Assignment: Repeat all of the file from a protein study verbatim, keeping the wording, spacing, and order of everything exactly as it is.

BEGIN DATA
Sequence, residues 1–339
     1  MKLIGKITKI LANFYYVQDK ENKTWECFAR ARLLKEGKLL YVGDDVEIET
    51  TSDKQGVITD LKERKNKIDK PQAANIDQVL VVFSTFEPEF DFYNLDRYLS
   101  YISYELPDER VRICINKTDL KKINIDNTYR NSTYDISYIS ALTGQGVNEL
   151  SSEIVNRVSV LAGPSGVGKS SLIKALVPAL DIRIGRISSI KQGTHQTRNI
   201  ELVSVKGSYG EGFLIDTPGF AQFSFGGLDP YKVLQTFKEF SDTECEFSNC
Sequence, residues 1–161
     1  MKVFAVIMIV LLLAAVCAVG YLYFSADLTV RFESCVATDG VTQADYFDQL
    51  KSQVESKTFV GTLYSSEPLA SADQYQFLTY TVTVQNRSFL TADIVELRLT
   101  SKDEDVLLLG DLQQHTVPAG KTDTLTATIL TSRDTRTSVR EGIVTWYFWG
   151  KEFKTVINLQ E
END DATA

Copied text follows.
Sequence, residues 1–339
     1  MKLIGKITKI LANFYYVQDK ENKTWECFAR ARLLKEGKLL YVGDDVEIET
    51  TSDKQGVITD LKERKNKIDK PQAANIDQVL VVFSTFEPEF DFYNLDRYLS
   101  YISYELPDER VRICINKTDL KKINIDNTYR NSTYDISYIS ALTGQGVNEL
   151  SSEIVNRVSV LAGPSGVGKS SLIKALVPAL DIRIGRISSI KQGTHQTRNI
   201  ELVSVKGSYG EGFLIDTPGF AQFSFGGLDP YKVLQTFKEF SDTECEFSNC
Sequence, residues 1–161
     1  MKVFAVIMIV LLLAAVCAVG YLYFSADLTV RFESCVATDG VTQADYFDQL
    51  KSQVESKTFV GTLYSSEPLA SADQYQFLTY TVTVQNRSFL TADIVELRLT
   101  SKDEDVLLLG DLQQHTVPAG KTDTLTATIL TSRDTRTSVR EGIVTWYFWG
   151  KEFKTVINLQ E